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and cannot now overcome the unreasonable Prejudices of Infidels, the miraculous flourishing of a dead Tree would no more have been considered, as a supernatural Act, than the causing of a flourishing Tree to wither immediately, and die> with one omnipotent Word. For when Men have once imbib'd strong 'Prejudices, and are obstinately bent against Conviction, whether the Work, designed for their Cure, be of a merciful, or vindictive Nature, it makes very little Alteration in the Cafe; since the miraculous BloJJoms and Fruit of Aarons Rod (to use a Comparison suitable to our present Subject) did no more prevent the Murmurings and Disobedience of the Israelites, than the miraculous Hail and Fire, which smote the Vines and Fig-Trees of the Egyptians, cured Æem and their 'King of their hardness of Heart.

And now, to take a Review of what A sum of has been said on this Subject. Since our the blessed Saviour, who * took not on him ffe the Nature of Angels, but the Seed of Abraham, was, in all Things, made like unto his Brethren, and subject to the innocent Infirmities of humane Nature, which he, nevertheless, thought not proper, by any miraculous means, to reT medy,

* Heb, ii. 16, 17.

medy, or to exert his Divinity upon every little Occurrence of Life: Since, beyond Dispute it has been prov'd, that there were in Judea Fig-Trees, of a very early kind, which had Fruit in full Maturity before the time of the Pa/fiver, or at the time, when our Saviour, in his Return to Bethany, went to find Fruit on this; nor are the Words of St. Mark incompatible with this Circumstance: Since this Tree, barren as it was, was nevertheless intended to be the Subject of a Miracle, and by its hasty withering away, at our Saviour's Execration, a Type and Figure of the speedy Destruction of the Jewish Nation: Since, had it born Fruit, its standing in the Way made it of common Right, or, had it been enclosed, a particular Law, provided for that purpose, submitted it to the Use of every Traveller, ?hat was minded to gather of it: And, lastly, since a Miracle of this kind, served to such excellent Uses, was at this time more necessary, and in all respects as convincing, as if it had been of a merciful andc beneficial Nature; there is certainly no Appearance either of Folly, or Ignorance or Injustice, or Passion, or 111-nature, if our Saviour's doing it, as is pretended And that he could not possibly impose on

his

'Bp. Smallbrokis Vind. p. 43 °

v

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his Disciples in this Instance, ib, as to make them believe what never was done, is manifest from the Scripture-account of their Attendance on him, and being present at this whole Transaction; namely, «t his Imprecation of the FigTree, and its subsequent withering away.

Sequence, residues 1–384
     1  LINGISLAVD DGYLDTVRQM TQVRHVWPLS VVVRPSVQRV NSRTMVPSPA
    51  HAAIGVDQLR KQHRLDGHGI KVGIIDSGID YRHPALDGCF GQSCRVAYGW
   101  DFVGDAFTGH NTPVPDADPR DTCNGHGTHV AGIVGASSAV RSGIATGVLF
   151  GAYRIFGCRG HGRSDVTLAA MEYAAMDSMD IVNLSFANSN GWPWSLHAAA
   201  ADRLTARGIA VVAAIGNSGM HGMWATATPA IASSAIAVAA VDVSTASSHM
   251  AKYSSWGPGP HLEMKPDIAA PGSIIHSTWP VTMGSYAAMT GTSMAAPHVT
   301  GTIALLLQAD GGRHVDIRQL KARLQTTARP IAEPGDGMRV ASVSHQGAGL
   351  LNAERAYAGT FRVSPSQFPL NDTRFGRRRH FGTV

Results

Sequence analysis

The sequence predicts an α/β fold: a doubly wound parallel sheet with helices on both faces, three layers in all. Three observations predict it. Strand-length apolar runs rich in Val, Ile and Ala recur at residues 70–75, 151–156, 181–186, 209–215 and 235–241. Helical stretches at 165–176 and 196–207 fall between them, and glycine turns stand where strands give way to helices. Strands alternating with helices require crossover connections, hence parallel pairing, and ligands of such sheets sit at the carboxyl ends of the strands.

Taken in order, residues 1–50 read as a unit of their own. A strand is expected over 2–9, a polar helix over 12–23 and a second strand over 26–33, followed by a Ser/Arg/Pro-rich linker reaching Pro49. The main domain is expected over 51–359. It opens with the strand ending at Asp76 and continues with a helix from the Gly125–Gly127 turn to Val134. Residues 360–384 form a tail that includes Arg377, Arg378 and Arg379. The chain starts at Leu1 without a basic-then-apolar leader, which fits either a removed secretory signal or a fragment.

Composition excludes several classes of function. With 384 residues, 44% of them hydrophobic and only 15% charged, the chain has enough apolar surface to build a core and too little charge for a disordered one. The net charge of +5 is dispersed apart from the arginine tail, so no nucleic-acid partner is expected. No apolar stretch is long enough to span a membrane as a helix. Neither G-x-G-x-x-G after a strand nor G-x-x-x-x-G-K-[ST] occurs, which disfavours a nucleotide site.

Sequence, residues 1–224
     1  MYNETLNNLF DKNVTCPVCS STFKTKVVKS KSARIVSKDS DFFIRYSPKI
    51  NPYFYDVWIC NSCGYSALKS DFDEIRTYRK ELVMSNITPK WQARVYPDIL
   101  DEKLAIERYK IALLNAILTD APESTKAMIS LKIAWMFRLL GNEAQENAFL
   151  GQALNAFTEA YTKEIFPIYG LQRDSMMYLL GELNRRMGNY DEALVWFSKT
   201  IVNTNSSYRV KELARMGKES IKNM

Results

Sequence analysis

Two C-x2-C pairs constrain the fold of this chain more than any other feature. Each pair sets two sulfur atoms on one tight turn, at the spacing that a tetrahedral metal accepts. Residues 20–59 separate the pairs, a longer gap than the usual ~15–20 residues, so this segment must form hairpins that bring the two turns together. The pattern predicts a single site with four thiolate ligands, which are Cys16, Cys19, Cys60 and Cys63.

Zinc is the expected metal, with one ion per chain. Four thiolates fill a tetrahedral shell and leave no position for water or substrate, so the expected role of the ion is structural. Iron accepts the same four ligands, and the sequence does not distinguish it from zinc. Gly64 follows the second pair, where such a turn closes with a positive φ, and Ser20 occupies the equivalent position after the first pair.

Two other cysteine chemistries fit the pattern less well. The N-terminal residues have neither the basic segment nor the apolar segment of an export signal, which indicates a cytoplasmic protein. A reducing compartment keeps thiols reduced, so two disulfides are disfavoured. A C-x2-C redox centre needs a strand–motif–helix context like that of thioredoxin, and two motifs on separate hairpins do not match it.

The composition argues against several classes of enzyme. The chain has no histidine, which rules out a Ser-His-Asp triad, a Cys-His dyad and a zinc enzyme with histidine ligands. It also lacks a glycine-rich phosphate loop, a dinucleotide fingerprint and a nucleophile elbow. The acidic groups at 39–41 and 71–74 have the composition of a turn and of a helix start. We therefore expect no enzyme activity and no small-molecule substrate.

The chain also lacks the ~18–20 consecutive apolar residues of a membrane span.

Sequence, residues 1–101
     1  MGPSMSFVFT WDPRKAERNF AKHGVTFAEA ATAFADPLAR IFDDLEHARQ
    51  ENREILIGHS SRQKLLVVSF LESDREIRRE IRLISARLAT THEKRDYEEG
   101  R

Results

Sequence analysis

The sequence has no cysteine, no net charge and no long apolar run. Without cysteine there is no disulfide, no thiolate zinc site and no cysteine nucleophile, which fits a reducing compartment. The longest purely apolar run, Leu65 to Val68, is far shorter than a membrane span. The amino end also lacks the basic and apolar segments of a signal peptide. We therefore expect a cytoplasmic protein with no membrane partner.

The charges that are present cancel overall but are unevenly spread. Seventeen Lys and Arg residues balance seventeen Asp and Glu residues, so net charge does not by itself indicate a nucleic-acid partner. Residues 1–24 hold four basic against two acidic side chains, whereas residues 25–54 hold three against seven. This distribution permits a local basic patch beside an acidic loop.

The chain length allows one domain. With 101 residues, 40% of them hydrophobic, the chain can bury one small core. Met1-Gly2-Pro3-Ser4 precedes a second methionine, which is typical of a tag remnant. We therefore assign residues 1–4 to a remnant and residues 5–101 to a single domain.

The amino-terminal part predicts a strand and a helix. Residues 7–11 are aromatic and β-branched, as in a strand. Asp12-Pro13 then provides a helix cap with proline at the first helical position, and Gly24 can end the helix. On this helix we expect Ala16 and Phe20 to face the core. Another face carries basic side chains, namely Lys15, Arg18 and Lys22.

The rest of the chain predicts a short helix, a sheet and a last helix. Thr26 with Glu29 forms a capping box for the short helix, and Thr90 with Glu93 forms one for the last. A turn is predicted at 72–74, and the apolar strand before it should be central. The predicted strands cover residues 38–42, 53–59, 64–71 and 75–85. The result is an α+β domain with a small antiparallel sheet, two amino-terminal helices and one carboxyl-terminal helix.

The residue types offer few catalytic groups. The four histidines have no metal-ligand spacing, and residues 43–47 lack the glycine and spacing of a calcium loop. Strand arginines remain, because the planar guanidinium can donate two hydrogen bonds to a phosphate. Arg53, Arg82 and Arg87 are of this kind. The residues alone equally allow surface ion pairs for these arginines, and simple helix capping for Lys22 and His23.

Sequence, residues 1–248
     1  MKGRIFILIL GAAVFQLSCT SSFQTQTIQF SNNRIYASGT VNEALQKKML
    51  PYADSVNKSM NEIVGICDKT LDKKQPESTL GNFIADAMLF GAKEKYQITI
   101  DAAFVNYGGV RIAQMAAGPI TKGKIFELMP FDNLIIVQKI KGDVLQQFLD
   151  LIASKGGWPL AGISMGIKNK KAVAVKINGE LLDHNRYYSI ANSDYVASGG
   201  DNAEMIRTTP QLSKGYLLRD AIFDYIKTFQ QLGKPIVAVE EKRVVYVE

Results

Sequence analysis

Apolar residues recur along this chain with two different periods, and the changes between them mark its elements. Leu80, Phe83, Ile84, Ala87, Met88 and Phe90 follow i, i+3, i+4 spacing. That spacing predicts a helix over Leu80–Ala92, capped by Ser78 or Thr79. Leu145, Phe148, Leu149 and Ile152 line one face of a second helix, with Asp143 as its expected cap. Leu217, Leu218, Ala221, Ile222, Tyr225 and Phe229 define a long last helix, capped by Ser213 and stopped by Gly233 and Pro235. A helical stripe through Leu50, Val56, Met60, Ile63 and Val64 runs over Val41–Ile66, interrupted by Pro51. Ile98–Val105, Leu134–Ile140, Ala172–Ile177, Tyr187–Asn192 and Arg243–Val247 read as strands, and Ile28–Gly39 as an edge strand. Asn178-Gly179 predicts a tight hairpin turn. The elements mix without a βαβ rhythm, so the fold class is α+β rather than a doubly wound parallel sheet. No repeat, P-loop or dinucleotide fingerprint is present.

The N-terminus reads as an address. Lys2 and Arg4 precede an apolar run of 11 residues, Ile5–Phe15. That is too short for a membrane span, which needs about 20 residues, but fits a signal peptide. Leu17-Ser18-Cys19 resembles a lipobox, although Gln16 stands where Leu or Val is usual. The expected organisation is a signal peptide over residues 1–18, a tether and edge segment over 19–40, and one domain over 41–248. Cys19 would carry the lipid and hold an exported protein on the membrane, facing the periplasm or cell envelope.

Thus d St. Mark informs us, that NoFallawhen the Eventide was come, Jesus went f[.|" j" out into Bethany with the twelve, and that on the Morrow, when they were come from Bethany, he was hungry. Now it is plain, that when he cursed the Tree, e the Disciples heard it j that they came to Jerusalem with him; that with him they returned the next Evening to Bethany; and that, in the next Morning, as they passed by, namely, in their return to Jerusalem, they saw the Fig-Tree dry'd up from the Roots, whereupon, we are told, that Peter, and (as f St. Matthew adds) the other Di/cifies, that still attend Jesus, took Notice of that wonderful Event, and said unto him, how soon is the Fig-free, which thou curfed'Ji, wither'd away? So that, from this whole Deduction, it is evident, that the twelve Disciples did personally accompany Jelus from the very beginT 2 'ning,

* Mark xi. ir, ta. • Ve-. 14, 15, 19, 20.

compared together. f Matt. xxi. i©.

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ning, to the end of this marvellous Transaction; that they were Eye-witnesses of the whole Miracle, wherein there was no possibility from them to be impos'd on; and, consequently, no Reason for the blasphemous Suggestion, of his taking a secret Opportunity beforehand, to lay his Carpenter's Ax to the Root of this Tree.

SECT. XVII.

Of his Healing the Impotent Man at the Pool of Bethesda.

The ob-" TT) UT, whatever may be said in jection. « Jp^ Vindication of Jesus's cursing u the Fig-free, his Cure of the Impo"tent Man at the Pool of Bethesda, "is a Tale so blindly, so imper"fectly, and with such monstrously "incredible Circumstances, related, as "ought to be rejected with Scorn "and Indignation. For, excepting "St. John's Gospel, where do we "find the least mention of this Pool of <[ Bethesda? Josephus has professedly "written an History of the Jewish Na

"tion, "tion, .and would doubtless have omit"ted nothing, that tended to the Ho"nour of his Country, or the Mani"festation of the Providence of God o"ver it; and yet we neither find him, "nor any other Jewish Author, giving *' any account of this miraculous Pool; "tho' it is very presumable, that, had "the Story been true, they would have <* boasted not a little of this singular il Instance of God's distinguishing Care over his peculiar People. But, al"lowing the silence of other Writers to be no Argument against St. John, yet, to give his Story a better air of Credibility, he should have told us a little more minutely the true Occasion of the Angel's descent into this Pool, how oft in the Week, the Month, or "the Year he condescended to do it; "why one diseased Person only receiv'd "the Benefit of it at once; and why "no better Care was taken, by the Pro"vidence of God, or the Civil Magi"strates of Jerusalem, in the diiposal "of that Benefit, so as to give the Prei( ference to those, that deserved it best, "and not to those, that could best "struggle for it. But, if St. John is "defective in these material Circum<( stances, he is absurd and ridiculous <} in his relation of others. For, of all T 3 « other

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